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20th January 2014 @ 22:28

In this post, how to conduct a search for the commercial availability of a series of similar compounds is exemplified by the search for molecules relevant to series four.

Following Mat Todd’s condensation of the MMV amide spreadsheet into an easy-to-read wiki entry, I have conducted an amine availability search to assist in the selection of five affordable amines to be used in the synthesis of some series four compounds. We will probably choose five new amines and one from the existing library so we can verify the potency results.

Based upon the data already collected for this small library, it seems that high potency requires the inclusion of halogens on the amide substituent and an acyclic amine.

 

Searches were carried out in the following manner:

1. The chemical search engine, eMolecules was used.

2. I began the search with one of the amines from the library, MMV670944, which had promising potency.

MMV670944.PNG

3. This molecule was drawn into eMolecules and an ‘Exact Structure Search’ conducted.

amine_1.png

4. From the results page it was then possible to check the availability and price of the compound by clicking on the ‘Supplier’s ID’ links. Supplier availability and pricing for possibly amines is summerised below.

amine_2.PNG

5. Once the suppliers had been searched, I clicked back to the eMolecules search page. I then conducted a ‘Similiarity Search’ on the same amine. The ‘Similarity Search’ tool proved more useful than the ‘Substructure Search’ function.

amine_3.PNG

6. This yielded a results page showing the suppliers of similar molecules which appear in order of decreasing similarity.

amine_4.PNG

7. Following this, ‘Similarity Searches’ for the following high-potency amides, was conducted.

Amines used for similarity search.png

8. From the resulting searches, amines of interest were selected based on the following criteria.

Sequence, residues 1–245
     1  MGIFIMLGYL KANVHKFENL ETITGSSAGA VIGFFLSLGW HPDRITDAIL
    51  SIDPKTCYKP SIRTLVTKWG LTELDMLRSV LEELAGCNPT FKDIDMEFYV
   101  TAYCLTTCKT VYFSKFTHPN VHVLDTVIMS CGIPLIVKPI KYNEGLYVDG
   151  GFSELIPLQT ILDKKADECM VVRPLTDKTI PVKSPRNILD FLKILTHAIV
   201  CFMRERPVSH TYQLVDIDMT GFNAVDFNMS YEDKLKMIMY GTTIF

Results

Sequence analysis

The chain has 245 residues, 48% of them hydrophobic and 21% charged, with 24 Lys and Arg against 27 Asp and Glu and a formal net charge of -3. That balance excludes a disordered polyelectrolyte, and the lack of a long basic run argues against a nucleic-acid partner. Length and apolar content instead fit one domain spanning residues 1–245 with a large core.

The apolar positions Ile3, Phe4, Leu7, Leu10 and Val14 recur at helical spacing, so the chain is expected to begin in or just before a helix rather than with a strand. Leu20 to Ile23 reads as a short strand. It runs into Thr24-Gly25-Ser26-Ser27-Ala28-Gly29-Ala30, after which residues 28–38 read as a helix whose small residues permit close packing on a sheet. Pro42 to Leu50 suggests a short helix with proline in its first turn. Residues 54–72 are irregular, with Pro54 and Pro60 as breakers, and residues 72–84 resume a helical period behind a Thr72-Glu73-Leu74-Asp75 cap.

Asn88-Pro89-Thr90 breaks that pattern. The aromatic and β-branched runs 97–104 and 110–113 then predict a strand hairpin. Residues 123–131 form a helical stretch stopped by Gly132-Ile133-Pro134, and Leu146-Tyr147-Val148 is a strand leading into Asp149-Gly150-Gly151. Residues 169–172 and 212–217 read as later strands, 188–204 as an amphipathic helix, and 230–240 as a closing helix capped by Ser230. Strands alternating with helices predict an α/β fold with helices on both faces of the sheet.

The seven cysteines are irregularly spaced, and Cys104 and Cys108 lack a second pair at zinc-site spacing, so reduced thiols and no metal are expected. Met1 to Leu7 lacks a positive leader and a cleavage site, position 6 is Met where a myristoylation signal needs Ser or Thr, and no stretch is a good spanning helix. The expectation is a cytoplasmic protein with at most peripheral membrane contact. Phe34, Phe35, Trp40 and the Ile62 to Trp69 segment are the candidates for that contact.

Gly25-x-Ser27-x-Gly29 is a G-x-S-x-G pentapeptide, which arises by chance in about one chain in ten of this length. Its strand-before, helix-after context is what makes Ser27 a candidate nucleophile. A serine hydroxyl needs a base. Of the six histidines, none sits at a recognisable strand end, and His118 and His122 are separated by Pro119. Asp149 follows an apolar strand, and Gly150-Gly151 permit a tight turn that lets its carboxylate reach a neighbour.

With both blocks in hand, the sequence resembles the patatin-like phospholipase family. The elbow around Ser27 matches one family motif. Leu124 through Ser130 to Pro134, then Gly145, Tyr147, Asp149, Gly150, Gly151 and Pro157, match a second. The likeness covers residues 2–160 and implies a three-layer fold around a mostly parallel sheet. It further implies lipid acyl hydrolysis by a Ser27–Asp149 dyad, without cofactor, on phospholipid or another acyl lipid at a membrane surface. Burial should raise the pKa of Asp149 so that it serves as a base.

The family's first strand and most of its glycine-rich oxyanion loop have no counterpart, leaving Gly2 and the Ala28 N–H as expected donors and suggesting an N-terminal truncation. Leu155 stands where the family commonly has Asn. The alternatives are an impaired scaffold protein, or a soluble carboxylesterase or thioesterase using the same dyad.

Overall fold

The amines were:

- not prohibitively expensive

- halogenated

- acyclic (however, in the MMV library there was only one example of a cyclic amide which was also halogenated, so this combination could require further attention)

              

Prices of selected amines from the MMV library:

From MMV library ACS.png


Prices of possible new amines:

Possible amines to try ACS.png
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20th January 2014 @ 11:23

There are excellent how-to guides for using the lab notebook and Github.

There are a few extra general guidelines common to both that need to be borne in mind. These are summarized below, and were originally described here and here. Some points are also mentioned in this guide to making the perfect chemistry ELN entry.

1) Context. A lab book post or a GitHub Issue must have some context, to be clear to an outsider or someone who arrives at the project at that point. For an experiment there should be a reason given for the experiment somewhere near the start, ideally with a link to another experiment or to the literature. For a good example see here. For a Github Issue there needs to be some link out to the reason for a particular issue having arisen and why it needs to be solved. For a good example see here.

2) Completion. If an experiment has been completed, a sentence to this effect (along with the conclusion derived from the experiment) needs to be placed near the beginning of the entry. For Github issues, Issues should be closed, ideally with a comment as to why the Issue is being closed, or perhaps with a link to a more recent Issue that was opened that supersedes the existing issue and makes it redundant.

3) All data. Remember that an ELN entry needs to include all data relevant to an experiment. Raw and processed data. Everything should be present that allows us to write up the compound's synthesis for publication.

4) Citations. ELN entries are the bedrock of the project. If something is being discussed on Github, or elsewhere, about some aspect of the lab work, include links to the ELN to justify statements. e.g. rather than saying "Reaction X appears to be working" instead say "Reaction X appears to be working based on the NMR spectrum [here]" Also within Github, if there are Issues relevant to other issues, simply pasting in the URL for one issue will create a link between them automatically, which can be very useful.

5) Schemes - all ELN entries should have schemes. Github entries mentioning molecules should have pictures - very easy to drag and drop.

6) Strings - Inchis need to be added to ELN entries for molecules that have been synthesized, whether they are the product of a reaction or they have been employed as reagents. Smiles appear to be less effective.

7) Tags in Github. To allow OSM to maintain active collections of activity (e.g. all molecules being made, or all activity on a particular series) we must used Github tags. When creating or commenting on an issue, please consider whether the right tags are being used.

8) When making a molecule. Create a Github Issue for the molecule. Tag it with "Being Synthesised". Provide an approximate timeline for completion of the synthesis, either using Github itself or by writing in a deadline to the Issue. Close the Issue when the molecule has been made.